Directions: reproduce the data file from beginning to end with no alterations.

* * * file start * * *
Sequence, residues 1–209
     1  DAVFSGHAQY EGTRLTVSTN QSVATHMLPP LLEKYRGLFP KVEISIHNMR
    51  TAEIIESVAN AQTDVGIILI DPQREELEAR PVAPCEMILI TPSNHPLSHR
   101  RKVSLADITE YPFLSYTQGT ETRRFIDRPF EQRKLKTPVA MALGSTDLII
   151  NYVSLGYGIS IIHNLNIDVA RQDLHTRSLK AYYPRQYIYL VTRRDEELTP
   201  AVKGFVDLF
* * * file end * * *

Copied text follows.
Sequence, residues 1–209
     1  DAVFSGHAQY EGTRLTVSTN QSVATHMLPP LLEKYRGLFP KVEISIHNMR
    51  TAEIIESVAN AQTDVGIILI DPQREELEAR PVAPCEMILI TPSNHPLSHR
   101  RKVSLADITE YPFLSYTQGT ETRRFIDRPF EQRKLKTPVA MALGSTDLII
   151  NYVSLGYGIS IIHNLNIDVA RQDLHTRSLK AYYPRQYIYL VTRRDEELTP
   201  AVKGFVDLF